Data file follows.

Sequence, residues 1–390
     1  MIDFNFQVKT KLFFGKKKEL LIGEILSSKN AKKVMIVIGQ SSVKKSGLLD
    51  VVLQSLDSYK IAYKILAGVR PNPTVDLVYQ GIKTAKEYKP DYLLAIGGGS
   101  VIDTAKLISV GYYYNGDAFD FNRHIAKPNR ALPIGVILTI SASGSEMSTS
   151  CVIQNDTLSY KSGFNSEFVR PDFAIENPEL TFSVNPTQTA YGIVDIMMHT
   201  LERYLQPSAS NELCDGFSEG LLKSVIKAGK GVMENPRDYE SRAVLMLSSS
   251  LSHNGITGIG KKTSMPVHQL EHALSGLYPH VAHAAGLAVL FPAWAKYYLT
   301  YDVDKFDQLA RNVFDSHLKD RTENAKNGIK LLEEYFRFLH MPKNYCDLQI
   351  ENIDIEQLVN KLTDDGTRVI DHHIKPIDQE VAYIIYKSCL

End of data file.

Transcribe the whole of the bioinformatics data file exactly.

Sequence, residues 1–390
     1  MIDFNFQVKT KLFFGKKKEL LIGEILSSKN AKKVMIVIGQ SSVKKSGLLD
    51  VVLQSLDSYK IAYKILAGVR PNPTVDLVYQ GIKTAKEYKP DYLLAIGGGS
   101  VIDTAKLISV GYYYNGDAFD FNRHIAKPNR ALPIGVILTI SASGSEMSTS
   151  CVIQNDTLSY KSGFNSEFVR PDFAIENPEL TFSVNPTQTA YGIVDIMMHT
   201  LERYLQPSAS NELCDGFSEG LLKSVIKAGK GVMENPRDYE SRAVLMLSSS
   251  LSHNGITGIG KKTSMPVHQL EHALSGLYPH VAHAAGLAVL FPAWAKYYLT
   301  YDVDKFDQLA RNVFDSHLKD RTENAKNGIK LLEEYFRFLH MPKNYCDLQI
   351  ENIDIEQLVN KLTDDGTRVI DHHIKPIDQE VAYIIYKSCL